There has been a fair share of controversies associated with the peace prize right from the point of its origin, which is the Norwegian committee and the nomination and selection process itself. While the other four prizes are the responsibility of the Swedish committees, the peace prize is exclusively handled by a Norwegian committee. That, of course, isn't the controversy, as that certainly was part of Nobel's will. The committee's composition as well political influence, however, is. In due time, the Norwegian committee has diluted the definition of peace to include a more broader context to correlate it with human rights issues, essentially giving it political flavors. However, what they have strongly opposed is amendment or dilution of the committee itself. The decision of honoring this prestigious award lies in the hands of a five-member committee of the Norwegian Parliament, the Storting. Former Norwegian politicians to even parliamentarians have been associated with the committee. With that said, one cannot assume the existence of an apolitical atmosphere and absence of conflict of interests. Critics have considered the Nobel Peace Prize to be a political tool.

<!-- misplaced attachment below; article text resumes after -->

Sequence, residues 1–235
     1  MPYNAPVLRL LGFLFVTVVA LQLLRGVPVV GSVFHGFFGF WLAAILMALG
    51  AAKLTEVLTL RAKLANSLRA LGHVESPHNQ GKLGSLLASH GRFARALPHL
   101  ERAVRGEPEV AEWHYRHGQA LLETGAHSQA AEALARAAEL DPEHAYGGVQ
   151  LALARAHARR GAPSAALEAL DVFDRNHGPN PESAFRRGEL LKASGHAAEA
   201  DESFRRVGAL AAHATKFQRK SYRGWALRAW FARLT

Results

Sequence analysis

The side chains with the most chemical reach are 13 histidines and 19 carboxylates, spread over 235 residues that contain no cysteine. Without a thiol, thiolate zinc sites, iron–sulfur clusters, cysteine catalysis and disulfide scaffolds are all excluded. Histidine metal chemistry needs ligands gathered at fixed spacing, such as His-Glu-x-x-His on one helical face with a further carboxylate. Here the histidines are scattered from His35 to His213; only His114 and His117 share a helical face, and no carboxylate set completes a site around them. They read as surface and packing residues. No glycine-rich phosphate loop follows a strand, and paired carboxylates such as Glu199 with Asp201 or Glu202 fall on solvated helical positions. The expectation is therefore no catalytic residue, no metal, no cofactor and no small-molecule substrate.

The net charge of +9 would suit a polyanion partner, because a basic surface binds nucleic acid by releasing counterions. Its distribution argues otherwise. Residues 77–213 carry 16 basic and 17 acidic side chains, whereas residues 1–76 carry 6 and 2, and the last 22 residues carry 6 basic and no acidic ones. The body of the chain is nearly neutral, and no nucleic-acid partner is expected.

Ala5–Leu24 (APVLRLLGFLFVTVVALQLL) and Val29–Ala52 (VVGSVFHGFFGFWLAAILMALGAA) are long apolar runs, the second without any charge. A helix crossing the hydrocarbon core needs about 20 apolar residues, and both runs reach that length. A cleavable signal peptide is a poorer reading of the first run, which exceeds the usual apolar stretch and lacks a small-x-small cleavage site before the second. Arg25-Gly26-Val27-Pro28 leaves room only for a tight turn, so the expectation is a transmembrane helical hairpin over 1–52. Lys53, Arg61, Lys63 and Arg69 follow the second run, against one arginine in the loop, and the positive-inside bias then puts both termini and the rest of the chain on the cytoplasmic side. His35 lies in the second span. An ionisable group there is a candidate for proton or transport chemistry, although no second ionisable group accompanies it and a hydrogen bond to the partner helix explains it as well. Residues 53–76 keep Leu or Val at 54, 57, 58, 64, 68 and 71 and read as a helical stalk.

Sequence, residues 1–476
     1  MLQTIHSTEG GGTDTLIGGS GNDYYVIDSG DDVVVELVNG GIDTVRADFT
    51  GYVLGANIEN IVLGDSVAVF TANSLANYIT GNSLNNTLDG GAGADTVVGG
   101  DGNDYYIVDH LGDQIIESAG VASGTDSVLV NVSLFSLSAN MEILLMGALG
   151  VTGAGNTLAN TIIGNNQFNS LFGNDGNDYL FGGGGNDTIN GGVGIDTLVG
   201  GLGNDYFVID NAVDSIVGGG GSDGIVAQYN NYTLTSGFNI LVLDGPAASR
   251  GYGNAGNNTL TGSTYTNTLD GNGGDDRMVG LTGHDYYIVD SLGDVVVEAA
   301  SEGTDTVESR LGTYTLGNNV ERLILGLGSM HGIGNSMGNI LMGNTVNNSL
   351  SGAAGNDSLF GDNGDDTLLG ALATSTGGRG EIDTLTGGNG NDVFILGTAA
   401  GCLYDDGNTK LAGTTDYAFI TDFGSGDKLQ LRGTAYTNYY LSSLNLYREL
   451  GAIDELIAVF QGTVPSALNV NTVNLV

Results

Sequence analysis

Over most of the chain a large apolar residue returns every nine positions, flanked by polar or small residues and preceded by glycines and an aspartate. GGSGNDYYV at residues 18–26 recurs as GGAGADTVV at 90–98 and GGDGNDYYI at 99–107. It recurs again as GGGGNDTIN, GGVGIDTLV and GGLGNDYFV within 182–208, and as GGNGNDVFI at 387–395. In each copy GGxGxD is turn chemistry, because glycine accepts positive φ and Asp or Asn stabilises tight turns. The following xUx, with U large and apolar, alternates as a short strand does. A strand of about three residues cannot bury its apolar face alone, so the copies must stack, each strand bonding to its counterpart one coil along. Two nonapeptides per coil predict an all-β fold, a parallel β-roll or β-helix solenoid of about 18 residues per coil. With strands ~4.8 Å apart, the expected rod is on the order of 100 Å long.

The chink in the armor came perhaps as early as 1906, a year after Norway's independence from the Swedish Union. The Nobel committee, then chaired by Norway's first foreign minister, awarded the peace prize to the president of the United States, Theodore Roosevelt, for having negotiated peace in the Russo-Japanese war in 1904-5. It certainly sent enough shockwaves across as Roosevelt was never considered an apostle of peace, nor were his actions approving of the same. The New York Times summed it up as, "a broad smile illuminated the face of the globe when the prize was awarded ... to the most warlike citizen of these United States." The man who was entrusted the responsibility to prepare a report on Roosevelt's candidature was Norwegian committee adviser Halvdan Koht, who later went on represent the nation's foreign affairs. Halvdan tabled one of the most comprehensive report, which was mostly seen critical with only a few wins. The report, however, had a little bearing on the outcome. The motivating factor for the committee's unanimous decision, as speculated, was perhaps the current political situation in the country. Norway had just gained independence then, splitting from the Swedish Union and an endorsement of its sovereignty, especially from a world power like the US, which would have been highly favorable in the nation's interest.